On March 5 2019, AgriProFocus and foodFIRST organized a meet-up with Kees Blokland about the new report of the EU Task Force Rural Africa: “Towards an Africa Europe Partnership for sustainable development and jobs in rural Africa”. The EU Task Force Rural Africa advises the European Commission about sustainable development and employment opportunities in the African agrifood sector. This report a ddresse s the key areas of action and recommendations for the future EU Africa policy.
After welcome and introduction by Ewald Wermuth, chairman of the foodFIRST Coalition, Kees Blokland, director of Agriterra and member of the Task Force, shared the key insights and recommendations of the report. He explained with a lot of enthusiasm why he thinks this report can make a difference. For Kees Blokland, the following elements really make the report stand out from previous policies:
The Task Force puts a lot of emphasis on multi-stakeholder collaboration. All different stakeholders of the quadrangle business-government-academy and social organizations have to play their role in achieving results.
The meet-up indeed attracted professionals from civil society, knowledge institutes, private sector and government institutions. They engaged in a very lively discussion, that continued during drinks after the official meeting was over. It was clear that the last word hasn’t been said about the European policy and various participants suggested to host another event after the report has been published, to focus on concrete actions for the Dutch Diamond. As multi-stakeholder networks, both foodFIRST and AgriProFocus have the ambition to continue to facilitate the discussion, both in Europe and in Africa.
Kees Blokland, Agriterra:
"Dit is niet het zoveelste rapport voor onderin de la. Het rapport van de EU Task Force Rural Africa biedt veel kansen voor Nederlandse Vierhoek."
According to Blokland, the report offers such a new vision on rural development that it could even be called a paradigm shift. The proposed approach is presented as something that could really work and generate a lot of positive energy from both European and African stakeholders.
But is the report really that innovative? Some participants in the audience doubt it. We have been talking about ownership, bottom up approach and creating jobs for a long time already.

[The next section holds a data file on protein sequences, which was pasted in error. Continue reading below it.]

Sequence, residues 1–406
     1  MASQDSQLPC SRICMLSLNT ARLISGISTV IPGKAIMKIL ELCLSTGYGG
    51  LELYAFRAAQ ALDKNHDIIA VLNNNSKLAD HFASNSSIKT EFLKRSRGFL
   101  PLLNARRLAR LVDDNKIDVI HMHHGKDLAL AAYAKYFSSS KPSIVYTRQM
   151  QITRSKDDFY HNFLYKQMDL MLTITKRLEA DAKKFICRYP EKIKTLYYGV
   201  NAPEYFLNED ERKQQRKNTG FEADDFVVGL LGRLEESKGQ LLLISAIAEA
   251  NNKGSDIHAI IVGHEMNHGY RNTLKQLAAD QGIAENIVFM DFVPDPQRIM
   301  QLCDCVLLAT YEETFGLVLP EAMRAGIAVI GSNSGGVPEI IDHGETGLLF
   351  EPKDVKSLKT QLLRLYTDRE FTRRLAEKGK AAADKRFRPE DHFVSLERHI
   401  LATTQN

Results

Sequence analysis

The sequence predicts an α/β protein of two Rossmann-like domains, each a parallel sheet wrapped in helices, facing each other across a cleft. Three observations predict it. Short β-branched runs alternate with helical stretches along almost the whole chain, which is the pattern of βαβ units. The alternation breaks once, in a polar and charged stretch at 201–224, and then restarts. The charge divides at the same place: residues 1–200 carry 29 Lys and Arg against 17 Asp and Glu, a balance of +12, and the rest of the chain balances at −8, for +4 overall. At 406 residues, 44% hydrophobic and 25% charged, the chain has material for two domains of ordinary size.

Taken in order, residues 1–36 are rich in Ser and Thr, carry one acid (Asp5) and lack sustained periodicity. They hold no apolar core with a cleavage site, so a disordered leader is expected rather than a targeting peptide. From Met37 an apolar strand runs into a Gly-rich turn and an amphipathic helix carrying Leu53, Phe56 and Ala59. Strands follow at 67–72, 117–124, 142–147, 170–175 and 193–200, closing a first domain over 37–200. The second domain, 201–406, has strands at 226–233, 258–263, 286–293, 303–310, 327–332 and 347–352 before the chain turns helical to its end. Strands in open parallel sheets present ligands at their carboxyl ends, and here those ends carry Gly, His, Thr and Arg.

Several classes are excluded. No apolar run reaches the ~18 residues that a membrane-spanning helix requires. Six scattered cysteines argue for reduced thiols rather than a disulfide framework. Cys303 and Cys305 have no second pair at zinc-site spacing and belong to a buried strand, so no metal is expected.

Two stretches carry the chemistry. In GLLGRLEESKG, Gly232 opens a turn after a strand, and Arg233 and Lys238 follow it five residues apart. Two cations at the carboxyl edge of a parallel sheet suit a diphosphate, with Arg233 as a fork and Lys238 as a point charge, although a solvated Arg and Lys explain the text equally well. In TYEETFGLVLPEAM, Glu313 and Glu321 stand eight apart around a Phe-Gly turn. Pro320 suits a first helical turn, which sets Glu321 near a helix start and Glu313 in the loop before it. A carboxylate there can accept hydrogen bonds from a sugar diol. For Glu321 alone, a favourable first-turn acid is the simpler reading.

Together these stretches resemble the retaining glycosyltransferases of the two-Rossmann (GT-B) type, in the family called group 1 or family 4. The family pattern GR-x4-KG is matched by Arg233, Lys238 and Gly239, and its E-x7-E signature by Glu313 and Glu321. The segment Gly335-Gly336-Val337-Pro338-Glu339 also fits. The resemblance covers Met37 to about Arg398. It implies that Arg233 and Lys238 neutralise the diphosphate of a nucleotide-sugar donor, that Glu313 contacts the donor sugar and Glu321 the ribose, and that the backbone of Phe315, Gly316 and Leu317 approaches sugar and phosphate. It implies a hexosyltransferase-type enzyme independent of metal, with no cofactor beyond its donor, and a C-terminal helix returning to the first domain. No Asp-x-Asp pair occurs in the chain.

Others even claim that the European Commission missed the opportunity to use the wealth of experience from member states and is reinventing the wheel itself. And what about disruptive European trade policies, destabilizing local markets?
Blokland: ‘’These few chicken wings that Europe is exporting are not destroying the African economy. It’s the African elites and they have to take their responsibility”. He calls on the private sector to link their investments to coalitions of local investors. Now, facilities are still mostly financed by local entrepreneurs, whereas international companies could really contribute to supply chain development through these linked investments. Furthermore, he calls on knowledge institutes to adapt new insights and technologies to the local context and develop last mile solutions.
Several questions were asked about the local feasibility of the proposed policy. How could this decentralized approach be organized? The report proposes direct exchange between professionals in Europe and Africa, from universities to land registry. Small towns could be reached through new technologies and broad communication, making use of e.g. farmer organisations. Instead of submitting project proposals, hubs should be created where information and financial means come together. ‘It will take some time, but we have to get rid of the idea that it is European plans that have to be implemented’, according to Blokland.
The report puts emphasis on local employment and value creation in rural areas as a means to reduce uneven development and inequality.
More than exporting our expertise, new technologies have to be developed that enhance local skills, capacities and assets.
In samenwerking met Agriprofocus